Andrew Zhang, an investment banker in Beijing, told China Daily: “The [rich] list shows up bubbles in the economy. The rich have accumulated their wealth with little technology, branding or international networks.”
Global financial heavyweights like Goldman Sachs, HSBC, Merrill Lynch, UBS and Credit Suisse have had a major role of the making of China’s super rich. Morgan Stanley, for example, helped raise billions of dollars on the Hong Kong share market in the past three years for eight Chinese property developers. Aside from Country Garden, its clients have included real estate moguls like Xu Rongmao, who now China’s No.3 billionaire with $6.7 billion, and the head of Agile Properties, Chen Zhuoling, who is worth $4.7 billion.
In comments to the Sydney Morning Herald, Michael Pettis, a finance professor at Peking University, explained the “best play” on Chinese markets these days. “In real estate you’re getting overinflated profits from borrowing money to get cheap land and then selling at inflated prices. And then you’ve got a stock market that is valuing a dollar of earnings at about 40 or 50 times. So you’ve got a bubble on top of a bubble,” he said.
Hoogewerf hailed 2007 as “China’s coming of age”. But this is only true for an infinitesimal fraction of the population. While the fortunes of China’s super rich match their counterparts in Europe, Japan or the US, China’s annual per capita GDP was just $2,000 in 2006 or 107th in the IMF’s world rankings. The figure is less than 5 percent of the US per capita GDP of more than $44,000.
China is a profoundly polarised society, with hundreds of millions of impoverished workers and peasants at one pole, and a tiny capitalist elite at the other. According to a Boston Consulting Group study, China had 250,000 millionaire households in 2005, ranking the country sixth in the world. These households accounted for only 0.4 percent of the total, but controlled 70 percent of national wealth.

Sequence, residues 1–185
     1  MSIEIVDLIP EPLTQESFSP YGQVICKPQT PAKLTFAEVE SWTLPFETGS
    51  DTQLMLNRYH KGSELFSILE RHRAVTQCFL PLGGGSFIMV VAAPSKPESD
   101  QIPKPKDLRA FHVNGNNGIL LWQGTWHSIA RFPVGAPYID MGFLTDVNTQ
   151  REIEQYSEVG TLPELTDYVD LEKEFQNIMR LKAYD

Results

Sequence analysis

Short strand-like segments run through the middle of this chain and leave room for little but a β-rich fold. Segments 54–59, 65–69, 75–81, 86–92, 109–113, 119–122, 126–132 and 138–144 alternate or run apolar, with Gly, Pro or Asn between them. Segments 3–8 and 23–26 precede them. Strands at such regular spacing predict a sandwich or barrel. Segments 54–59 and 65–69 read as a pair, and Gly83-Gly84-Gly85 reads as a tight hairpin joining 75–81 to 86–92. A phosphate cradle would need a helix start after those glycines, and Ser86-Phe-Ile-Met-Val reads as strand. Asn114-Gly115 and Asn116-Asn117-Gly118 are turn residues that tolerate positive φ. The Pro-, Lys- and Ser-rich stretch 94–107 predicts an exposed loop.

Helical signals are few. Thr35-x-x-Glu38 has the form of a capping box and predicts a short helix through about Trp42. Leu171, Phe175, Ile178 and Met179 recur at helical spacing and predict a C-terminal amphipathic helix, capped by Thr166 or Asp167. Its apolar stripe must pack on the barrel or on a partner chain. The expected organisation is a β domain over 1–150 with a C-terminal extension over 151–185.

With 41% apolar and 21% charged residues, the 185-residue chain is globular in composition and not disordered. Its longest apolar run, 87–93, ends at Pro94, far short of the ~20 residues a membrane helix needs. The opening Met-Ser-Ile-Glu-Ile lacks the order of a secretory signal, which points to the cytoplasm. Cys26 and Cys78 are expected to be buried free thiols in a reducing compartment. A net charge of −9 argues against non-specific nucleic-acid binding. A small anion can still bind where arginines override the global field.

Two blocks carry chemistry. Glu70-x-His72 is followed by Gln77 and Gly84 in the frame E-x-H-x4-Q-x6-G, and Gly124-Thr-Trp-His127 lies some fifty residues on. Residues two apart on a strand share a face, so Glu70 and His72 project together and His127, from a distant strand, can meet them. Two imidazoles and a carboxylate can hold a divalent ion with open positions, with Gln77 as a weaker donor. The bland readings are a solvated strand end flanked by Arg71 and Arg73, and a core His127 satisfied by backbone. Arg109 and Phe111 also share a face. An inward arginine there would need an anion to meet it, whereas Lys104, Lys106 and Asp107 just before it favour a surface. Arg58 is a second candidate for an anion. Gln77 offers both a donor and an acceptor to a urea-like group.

The huge gulf between rich and poor is fuelling widespread hostility toward the rich. A recent China Youth Daily survey found that among people under 45, more than 81 percent believed the tycoons lack “social responsibility”, 68 percent thought their wealth was made “illegally” and 67 percent said the rich had no “loving heart” toward the poor.
The source of wealth is a contentious issue. In recent years, a number of those on the rich list have ended up as convicted criminals. Often operating in collusion with corrupt officials, they were charged with stealing public funds, the seizure of the homes of working people or the plunder of state-owned enterprises. These cases, however, are just the tip of the iceberg. The “legal” exploitation of workers in factories, coal mines and sweatshops is widespread and often brutal.
Voicing common public resentment to the wealthy, an unnamed Beijing-based sociologist told the Hong Kong-based Asia Times Online: “They should be held, at least partially responsible for the worsening pollution, for rampant fake goods and drugs, for using children and slave labour. In short, some of their behaviours, as reported, are just disgustingly immoral.”
Concerned about rising popular hostility, officials and academics have urged the public not to view the upper class from an “ideological”, especially Marxist point of view. For decades, the CCP falsely claimed to be “socialist”. Now senior “communist” bureaucrats are telling ordinary people there is no such thing as the “sin of capital” because private entrepreneurs have made their money through “hard work”.
At last month’s 17th CCP congress, President Hu Jintao declared: “Practices since the publication of the Communist Manifesto nearly 160 years ago have proven that only when Marxism is integrated with the conditions of a specific country, advances in step with the times and is tied to the destiny of the people can it demonstrate its strong vitality, creativity and appeal.”
The claim that the CCP still observing Marxism is simply absurd. The thoroughly capitalist “practices” in China demonstrate once again the basic truth, first elaborated by Marx and Engels, that the profit system generates enormous wealth for a tiny few, while condemning the majority to poverty and hardship. In doing so, it has also created, as the Communist Manifesto explained, its gravedigger—the international working class—which is now represented in China by hundreds of millions of urban workers. They will inevitably be driven into conflict with the emerging capitalist elite who are defended by the CCP’s police state apparatus.